Remove with a Tri-Wing screwdriver Remove with a Philips Head screwdriver

Switch to the Philips Head screwdriver to remove the three internal screws that keep the PCB fixed to the shell. Then, remove the cartridge shield from the rear shell and the buttons from the front shell and put them aside.

Note: we highly recommend placing the screws in a small container to keep from losing them!

an exploded view of a game boy pocket: front shell, back shell, pcb

Step 2: Clean the Game Boy Pocket

If you are using the original case for the Game Boy, it’s probably worthwhile to take some time to clean out the dust, bugs, and detritus hiding inside. We skipped this step in our build because we decided to use an aftermarket shell to preserve the original for our research collection (and because transparent lime green is infinitely cool).

a photograph of an aftermarket game boy pocket shell, with the cartridge shield and screws next to it

Shells in the Game Boy line are made of acrylonitrile butadiene styrene or ABS, a common form of plastic used in injection molding. We find that the ABS in the original equipment manufacturer (OEM) shells to be firmer and sturdier than the aftermarket plastic, which is more malleable and therefore easier to cut into. We recommend aftermarket shells for beginners. However, please note that some aftermarket shells are intended for screen mods and don’t have the same brackets around the screen!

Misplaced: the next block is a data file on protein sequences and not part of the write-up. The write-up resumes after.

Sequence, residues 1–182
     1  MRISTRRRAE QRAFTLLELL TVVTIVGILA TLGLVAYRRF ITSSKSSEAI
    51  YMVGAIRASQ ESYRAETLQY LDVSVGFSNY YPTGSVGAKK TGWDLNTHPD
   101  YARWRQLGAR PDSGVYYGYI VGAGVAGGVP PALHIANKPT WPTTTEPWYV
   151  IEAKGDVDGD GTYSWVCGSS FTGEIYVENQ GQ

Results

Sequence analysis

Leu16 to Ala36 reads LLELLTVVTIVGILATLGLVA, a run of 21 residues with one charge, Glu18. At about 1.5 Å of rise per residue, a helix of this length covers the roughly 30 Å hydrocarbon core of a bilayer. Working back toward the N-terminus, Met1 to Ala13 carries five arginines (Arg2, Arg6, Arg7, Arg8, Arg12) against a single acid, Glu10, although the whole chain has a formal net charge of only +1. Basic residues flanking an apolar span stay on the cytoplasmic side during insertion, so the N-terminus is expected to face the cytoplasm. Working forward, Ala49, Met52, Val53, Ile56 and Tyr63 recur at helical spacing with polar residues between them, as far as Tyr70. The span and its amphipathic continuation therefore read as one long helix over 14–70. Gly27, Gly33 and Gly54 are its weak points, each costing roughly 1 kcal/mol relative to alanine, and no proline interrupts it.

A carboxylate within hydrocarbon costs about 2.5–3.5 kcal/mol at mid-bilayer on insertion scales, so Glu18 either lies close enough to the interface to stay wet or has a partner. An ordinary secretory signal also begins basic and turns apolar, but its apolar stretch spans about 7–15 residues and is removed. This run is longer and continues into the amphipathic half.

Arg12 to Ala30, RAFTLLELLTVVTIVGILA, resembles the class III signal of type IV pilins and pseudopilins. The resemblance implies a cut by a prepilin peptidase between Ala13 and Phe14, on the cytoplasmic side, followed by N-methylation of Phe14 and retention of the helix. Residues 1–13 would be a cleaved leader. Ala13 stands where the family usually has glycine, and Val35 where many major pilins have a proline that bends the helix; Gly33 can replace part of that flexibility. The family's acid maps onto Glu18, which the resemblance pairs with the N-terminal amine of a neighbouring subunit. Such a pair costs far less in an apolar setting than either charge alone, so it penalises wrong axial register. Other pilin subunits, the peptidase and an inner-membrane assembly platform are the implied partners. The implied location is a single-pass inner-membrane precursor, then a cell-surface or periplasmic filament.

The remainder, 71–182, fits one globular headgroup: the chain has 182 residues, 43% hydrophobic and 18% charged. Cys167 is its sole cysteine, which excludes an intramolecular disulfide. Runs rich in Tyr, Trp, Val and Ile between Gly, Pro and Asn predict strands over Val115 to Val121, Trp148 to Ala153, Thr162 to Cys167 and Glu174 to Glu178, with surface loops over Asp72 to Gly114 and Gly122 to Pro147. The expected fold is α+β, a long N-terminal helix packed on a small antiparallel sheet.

Before going ahead with the mod, make sure the system is clean. To do so, use a cotton swab dipped in rubbing alcohol and carefully wipe the PCB. Be careful not to get it inside the speaker. Use compressed air to blow dust and debris away.

Step 3: Remove the Battery Posts and Plate

As our solar-modded Game Boy will no longer be using AAA batteries, we must remove the battery posts (situated on the PCB) and the battery plate (embedded in the back shell) before continuing. If you are using an aftermarket shell, you will not have to worry about removing the battery plate as it usually comes packed separately.

the pcb of a game boy pocket, with circles drawn around the two battery posts two battery posts sit next to a game boy pcb, with lines pointing to where they were attached to the pcb
The battery posts attached to the Game Boy’s PCB The battery posts removed from the Game Boy’s PCB

Be careful! The battery posts will absorb quite a bit of heat and will stay hot for a minute or two after removing them from the PCB.